Document Type

Book Chapter

Publication Date

2014

Published In

The American Novel To 1870

Abstract

This chapter examines the perils associated with American authorship during the early nineteenth century, with particular reference to issue of intellectual property and copyright. It begins with an analysis of the impact of intellectual property rights on publishing and the culture of reprinting, along with the influence of copyright on the American novel. It then considers the problem concerning the definition of “American authorship” and how the unstable nature of American authorship subjected writers who wished to promote it to charges of fraudulence. It also explores the question of originality among writers before concluding with a discussion of the radical expansion of publishing in the post-Civil War era and its effects on literary property and literary nationalism.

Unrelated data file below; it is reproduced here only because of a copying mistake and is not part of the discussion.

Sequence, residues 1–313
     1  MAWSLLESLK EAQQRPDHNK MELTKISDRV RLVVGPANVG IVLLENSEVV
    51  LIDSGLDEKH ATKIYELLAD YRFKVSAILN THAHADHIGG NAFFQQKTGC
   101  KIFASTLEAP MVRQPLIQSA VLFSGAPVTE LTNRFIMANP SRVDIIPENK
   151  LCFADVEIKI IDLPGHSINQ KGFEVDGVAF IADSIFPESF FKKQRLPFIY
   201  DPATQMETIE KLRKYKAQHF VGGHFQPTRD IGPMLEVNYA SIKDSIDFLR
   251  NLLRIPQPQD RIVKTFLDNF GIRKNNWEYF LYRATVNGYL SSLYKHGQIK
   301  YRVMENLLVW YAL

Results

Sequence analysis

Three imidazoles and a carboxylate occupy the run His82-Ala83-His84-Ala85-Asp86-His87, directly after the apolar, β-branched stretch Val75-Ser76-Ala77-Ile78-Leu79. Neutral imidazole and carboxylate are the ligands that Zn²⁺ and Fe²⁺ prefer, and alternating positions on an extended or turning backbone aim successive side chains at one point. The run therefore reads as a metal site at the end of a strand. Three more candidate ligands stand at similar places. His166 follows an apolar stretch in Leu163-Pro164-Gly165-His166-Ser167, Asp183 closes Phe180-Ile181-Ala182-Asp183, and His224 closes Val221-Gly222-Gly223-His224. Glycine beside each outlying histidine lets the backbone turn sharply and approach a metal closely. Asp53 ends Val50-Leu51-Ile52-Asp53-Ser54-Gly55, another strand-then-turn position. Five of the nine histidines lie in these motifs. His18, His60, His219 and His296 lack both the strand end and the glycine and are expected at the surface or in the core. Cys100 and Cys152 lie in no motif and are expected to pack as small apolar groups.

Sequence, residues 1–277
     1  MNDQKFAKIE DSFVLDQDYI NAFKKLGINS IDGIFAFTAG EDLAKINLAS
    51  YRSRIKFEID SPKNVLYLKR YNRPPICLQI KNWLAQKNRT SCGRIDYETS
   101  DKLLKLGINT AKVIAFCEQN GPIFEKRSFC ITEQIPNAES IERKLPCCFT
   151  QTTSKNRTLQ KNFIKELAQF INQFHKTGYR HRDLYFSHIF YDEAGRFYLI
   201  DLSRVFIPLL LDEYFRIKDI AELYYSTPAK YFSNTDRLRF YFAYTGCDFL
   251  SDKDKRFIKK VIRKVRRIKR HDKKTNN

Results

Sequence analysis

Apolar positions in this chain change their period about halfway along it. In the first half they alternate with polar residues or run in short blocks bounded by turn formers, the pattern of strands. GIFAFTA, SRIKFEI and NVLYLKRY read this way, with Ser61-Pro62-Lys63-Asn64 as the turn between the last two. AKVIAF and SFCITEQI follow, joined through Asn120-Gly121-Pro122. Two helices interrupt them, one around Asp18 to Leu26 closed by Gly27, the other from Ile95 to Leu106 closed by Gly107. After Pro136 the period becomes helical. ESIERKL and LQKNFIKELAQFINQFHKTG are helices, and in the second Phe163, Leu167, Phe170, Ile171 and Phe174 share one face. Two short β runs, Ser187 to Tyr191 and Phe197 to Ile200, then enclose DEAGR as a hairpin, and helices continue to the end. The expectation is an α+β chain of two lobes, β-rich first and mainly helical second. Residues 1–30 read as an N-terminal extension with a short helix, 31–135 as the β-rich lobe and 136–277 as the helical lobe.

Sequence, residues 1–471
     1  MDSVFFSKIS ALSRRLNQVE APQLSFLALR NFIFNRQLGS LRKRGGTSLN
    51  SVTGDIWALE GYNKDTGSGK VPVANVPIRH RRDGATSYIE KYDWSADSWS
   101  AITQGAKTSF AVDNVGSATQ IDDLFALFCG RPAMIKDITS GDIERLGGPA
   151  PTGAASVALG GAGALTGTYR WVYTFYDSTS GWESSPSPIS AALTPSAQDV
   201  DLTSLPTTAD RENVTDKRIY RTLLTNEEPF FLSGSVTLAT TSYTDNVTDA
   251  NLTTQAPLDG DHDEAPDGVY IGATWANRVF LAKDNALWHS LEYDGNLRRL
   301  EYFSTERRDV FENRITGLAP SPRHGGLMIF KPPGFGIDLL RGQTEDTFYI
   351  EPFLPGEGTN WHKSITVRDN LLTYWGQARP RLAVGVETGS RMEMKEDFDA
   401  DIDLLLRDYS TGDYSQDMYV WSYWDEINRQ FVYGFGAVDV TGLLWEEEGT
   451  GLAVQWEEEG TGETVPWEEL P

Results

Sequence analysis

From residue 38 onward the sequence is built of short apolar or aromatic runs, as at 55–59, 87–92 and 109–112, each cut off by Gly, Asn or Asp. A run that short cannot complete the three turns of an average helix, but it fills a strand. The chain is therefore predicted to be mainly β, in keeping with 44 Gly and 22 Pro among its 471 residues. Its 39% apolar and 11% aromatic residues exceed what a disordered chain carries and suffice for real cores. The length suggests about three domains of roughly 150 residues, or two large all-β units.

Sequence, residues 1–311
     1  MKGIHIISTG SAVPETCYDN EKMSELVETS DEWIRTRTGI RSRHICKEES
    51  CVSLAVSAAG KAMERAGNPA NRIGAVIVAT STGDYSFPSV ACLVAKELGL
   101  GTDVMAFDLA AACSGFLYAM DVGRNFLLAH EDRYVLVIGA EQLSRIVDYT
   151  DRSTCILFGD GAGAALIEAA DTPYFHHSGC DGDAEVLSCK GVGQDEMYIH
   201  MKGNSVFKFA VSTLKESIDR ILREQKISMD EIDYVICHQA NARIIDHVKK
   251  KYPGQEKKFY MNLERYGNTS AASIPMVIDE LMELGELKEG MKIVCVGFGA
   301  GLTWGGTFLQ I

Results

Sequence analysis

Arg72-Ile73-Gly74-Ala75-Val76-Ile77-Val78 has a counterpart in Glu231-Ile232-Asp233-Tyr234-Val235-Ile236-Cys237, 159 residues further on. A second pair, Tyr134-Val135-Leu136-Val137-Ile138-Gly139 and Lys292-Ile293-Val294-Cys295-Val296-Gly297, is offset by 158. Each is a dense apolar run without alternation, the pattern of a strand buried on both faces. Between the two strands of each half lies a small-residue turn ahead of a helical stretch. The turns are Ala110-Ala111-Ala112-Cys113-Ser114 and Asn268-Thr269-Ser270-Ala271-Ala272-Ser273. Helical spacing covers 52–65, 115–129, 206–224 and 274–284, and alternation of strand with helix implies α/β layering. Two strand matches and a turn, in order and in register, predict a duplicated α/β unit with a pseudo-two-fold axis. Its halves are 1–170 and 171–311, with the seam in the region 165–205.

Keywords

American authorship, intellectual property, copyright, publishing, reprinting, American novel, American authorship, fraudulence, originality, literary property, literary nationalism

Published By

Oxford University Press

Editor(s)

J. G. Kennedy And L. S. Person

Comments

This material was originally published in The Oxford History of the Novel in English: Volume 5: The American Novel to 1870 edited by J. Gerald Kennedy and Leland S. Person, and has been reproduced by permission of Oxford University Press. For permission to reuse this material, please visit http://global.oup.com/academic/rights.

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